Friday, September 10, 2004

i can't think of a title

since we had a calendar feature the other day, i thought i would also include this description of the roman calendar, found here, and perhaps also will soon post about the athenian calendar:

Prior to the reform (replacement is a better word) of the calendar by Julius Caesar, the Romans used a calendar which was made up of twelve familiarly-named months of varying lengths: Martius, Maius, Quintilis (later known as Julius), and October each had 31 days; Ianuarius, Aprilis, Iunius, Sextilis (later known as Augustus), September, November and December each had 29 days; Februarius had 28 days. That provided for a 355-day year which is, probably uncoincidentally, the length of a lunar year. Obviously it wouldn't take very long for such a calendar to get out of whack with reality, so it was the practice (apparently) to regularly 'intercalate' a month (i.e. insert a new month) of 22 (sometimes 23) days in alternating years after the festival known as Terminalia (Feb. 23). This month was referred to as Intercalaris and would have the last five days of February added onto it, resulting in a month of either 27 or 28 days. [Something I've never quite figured out: given the apparent importance of birthdays to the Romans (to judge by epigraphy), when they claimed to have lived 'x number of years, x number of months, x number of days', how long were the years?].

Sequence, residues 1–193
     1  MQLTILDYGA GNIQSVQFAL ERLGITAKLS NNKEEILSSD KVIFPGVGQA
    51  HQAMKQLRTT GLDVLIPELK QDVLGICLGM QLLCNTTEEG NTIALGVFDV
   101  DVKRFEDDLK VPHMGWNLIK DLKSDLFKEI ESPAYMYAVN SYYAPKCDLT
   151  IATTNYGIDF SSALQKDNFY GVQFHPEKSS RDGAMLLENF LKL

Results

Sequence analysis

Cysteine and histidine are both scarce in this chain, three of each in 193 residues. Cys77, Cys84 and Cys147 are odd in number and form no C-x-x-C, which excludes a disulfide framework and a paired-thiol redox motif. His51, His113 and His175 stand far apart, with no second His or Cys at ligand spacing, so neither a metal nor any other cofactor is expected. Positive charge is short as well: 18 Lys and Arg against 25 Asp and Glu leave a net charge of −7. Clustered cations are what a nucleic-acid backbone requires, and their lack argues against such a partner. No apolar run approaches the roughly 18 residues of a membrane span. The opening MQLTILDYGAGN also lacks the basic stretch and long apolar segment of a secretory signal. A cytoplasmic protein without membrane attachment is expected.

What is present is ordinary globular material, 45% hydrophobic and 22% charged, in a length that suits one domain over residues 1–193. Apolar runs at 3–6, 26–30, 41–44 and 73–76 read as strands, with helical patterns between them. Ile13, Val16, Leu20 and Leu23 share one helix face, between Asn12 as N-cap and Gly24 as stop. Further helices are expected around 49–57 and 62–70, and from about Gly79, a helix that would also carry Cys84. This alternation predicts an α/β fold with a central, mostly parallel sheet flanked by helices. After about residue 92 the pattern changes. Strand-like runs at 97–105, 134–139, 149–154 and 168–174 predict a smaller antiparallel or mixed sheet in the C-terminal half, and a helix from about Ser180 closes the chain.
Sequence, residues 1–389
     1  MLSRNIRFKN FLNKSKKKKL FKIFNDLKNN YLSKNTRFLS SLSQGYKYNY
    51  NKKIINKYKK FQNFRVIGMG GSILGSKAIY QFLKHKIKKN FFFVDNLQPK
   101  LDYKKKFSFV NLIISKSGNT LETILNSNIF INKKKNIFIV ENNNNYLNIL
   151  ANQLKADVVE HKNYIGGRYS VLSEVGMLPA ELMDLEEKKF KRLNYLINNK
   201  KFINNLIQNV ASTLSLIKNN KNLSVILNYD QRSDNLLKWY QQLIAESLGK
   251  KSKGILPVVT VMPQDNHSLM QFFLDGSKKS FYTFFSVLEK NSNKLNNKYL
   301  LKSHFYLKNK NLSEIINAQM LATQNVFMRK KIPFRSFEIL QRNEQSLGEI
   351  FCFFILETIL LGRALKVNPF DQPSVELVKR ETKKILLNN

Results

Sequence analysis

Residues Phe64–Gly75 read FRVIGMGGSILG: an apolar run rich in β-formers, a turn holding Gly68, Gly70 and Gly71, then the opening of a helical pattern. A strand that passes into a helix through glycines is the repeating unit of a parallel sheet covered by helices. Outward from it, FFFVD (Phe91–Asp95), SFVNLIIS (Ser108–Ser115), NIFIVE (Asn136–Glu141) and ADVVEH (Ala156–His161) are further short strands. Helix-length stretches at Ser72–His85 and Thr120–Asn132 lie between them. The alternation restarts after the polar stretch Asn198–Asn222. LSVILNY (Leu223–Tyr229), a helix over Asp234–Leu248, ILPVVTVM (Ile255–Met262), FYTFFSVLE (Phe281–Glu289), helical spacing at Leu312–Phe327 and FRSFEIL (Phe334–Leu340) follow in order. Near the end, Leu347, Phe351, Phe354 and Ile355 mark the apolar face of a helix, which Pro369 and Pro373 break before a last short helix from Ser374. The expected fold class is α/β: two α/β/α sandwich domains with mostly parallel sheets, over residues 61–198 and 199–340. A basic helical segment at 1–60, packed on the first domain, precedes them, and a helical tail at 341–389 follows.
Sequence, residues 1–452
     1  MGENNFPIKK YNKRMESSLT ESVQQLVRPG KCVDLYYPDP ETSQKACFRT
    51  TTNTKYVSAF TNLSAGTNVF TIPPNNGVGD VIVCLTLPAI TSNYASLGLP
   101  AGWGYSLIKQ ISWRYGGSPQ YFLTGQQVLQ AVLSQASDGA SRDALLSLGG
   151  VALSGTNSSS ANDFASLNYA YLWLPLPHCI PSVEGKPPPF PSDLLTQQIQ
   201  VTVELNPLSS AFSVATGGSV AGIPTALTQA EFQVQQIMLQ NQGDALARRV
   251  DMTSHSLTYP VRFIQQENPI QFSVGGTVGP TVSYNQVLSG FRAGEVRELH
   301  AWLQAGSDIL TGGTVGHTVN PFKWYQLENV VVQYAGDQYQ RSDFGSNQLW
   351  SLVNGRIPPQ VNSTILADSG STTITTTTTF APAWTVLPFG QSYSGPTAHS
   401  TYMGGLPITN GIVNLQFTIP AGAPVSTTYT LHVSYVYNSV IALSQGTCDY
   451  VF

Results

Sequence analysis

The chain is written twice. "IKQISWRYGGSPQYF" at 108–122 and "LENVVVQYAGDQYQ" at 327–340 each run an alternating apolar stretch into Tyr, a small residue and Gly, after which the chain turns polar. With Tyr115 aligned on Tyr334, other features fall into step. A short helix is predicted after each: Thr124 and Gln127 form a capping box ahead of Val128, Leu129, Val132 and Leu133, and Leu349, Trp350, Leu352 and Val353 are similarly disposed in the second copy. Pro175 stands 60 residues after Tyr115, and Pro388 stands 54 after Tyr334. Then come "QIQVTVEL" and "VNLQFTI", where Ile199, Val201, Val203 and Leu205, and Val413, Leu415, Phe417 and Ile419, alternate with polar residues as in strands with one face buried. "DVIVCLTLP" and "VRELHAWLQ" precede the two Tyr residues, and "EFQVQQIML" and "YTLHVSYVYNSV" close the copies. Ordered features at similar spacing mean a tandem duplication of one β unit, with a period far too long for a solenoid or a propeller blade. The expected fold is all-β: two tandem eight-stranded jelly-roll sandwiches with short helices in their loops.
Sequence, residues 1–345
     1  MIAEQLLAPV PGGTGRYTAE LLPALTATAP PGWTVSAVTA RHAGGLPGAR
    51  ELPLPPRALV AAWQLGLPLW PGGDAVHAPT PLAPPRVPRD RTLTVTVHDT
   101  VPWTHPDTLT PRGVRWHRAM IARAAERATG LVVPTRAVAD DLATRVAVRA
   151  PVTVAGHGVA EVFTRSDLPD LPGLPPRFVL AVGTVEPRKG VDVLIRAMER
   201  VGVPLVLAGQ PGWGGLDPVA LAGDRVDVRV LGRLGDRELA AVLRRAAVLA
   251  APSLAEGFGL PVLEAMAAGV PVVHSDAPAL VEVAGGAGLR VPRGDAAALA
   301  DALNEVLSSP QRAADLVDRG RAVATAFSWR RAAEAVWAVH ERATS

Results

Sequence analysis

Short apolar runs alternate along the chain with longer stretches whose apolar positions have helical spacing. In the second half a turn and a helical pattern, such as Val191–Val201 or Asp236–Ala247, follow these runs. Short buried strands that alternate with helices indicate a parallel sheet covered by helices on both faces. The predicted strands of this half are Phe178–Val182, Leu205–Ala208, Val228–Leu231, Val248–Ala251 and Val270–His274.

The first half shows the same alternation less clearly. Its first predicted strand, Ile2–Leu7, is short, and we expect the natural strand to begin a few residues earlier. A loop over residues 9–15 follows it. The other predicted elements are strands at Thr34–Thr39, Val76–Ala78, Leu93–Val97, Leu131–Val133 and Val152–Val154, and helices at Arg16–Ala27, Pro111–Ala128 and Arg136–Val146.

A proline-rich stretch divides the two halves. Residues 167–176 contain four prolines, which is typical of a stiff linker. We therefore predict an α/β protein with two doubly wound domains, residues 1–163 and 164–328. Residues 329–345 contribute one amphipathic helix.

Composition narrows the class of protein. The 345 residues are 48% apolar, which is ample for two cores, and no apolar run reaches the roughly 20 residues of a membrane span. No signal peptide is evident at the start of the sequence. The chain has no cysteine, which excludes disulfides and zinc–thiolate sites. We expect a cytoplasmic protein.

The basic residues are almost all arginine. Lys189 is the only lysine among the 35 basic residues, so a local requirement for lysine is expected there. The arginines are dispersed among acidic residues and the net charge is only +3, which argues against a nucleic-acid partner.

Unfortunately even with the provisions for intercalations, the calendar of the Roman Republic often went out of whack anyway and Julius Caesar decided to fix things once and for all (or so he thought). By virtue of his being pontifex maximus, he threw out the old calendar and replaced it with a calendar which had 365.25 days, which astronomers in Egypt and elsewhere had long known to be the actual length of a 'tropical year'. Caesar also fiddled with the number of days in the months to what we are used to, and made provisions for an extra day in February (February 24 happened twice; that would be handy if you had a term paper due, no?). Unfortunately, because the Romans counted inclusively and the folks who told Caesar about this calendar didn't, subsequent pontifices were adding a day every three years instead of every four, and so Augustus would later have to correct this.

The final thing to note about the Roman calendar is that they had a somewhat peculiar system of deciding the 'number' of the day. The first day of every month was known as Kalendae (the 'kalends'); the fifth day (or, in certain months, the seventh) was referred to as Nonae (the 'nones'), the thirteenth (or, in certain months, the fifteenth) was referred to as Idus (the 'Ides'). All other days were referred to by counting backwards from these fixed points in the month. And so, for example, while the Roman equivalent of January 1 would be Kalendae Ianuariae (often abbreviated Kal. Ian.), January 2 would be designated ante diem IV Nonas Januarias (IV Non. Ian). And since January is a day when the 'Nones' falls on the equivalent of the fifth, January 4 was designated pridie Nonas Ianuarias (pr Non. Ian).

The upshot of all this is that This Day in Ancient History provides the date equivalencies according to the calendar implemented by Julius Caesar, using the peculiar system of designating days described above. In some cases, this will be somewhat anachronistic, especially when providing day equivalencies for events which happened (or festivals celebrated) prior to this reform (e.g. there was no such thing as September 30 prior to Julius Caesar's calendar). As far as I'm aware, though, ceteris paribus, the days will only be one or two days off and I'm sure that won't offend the pax deorum.

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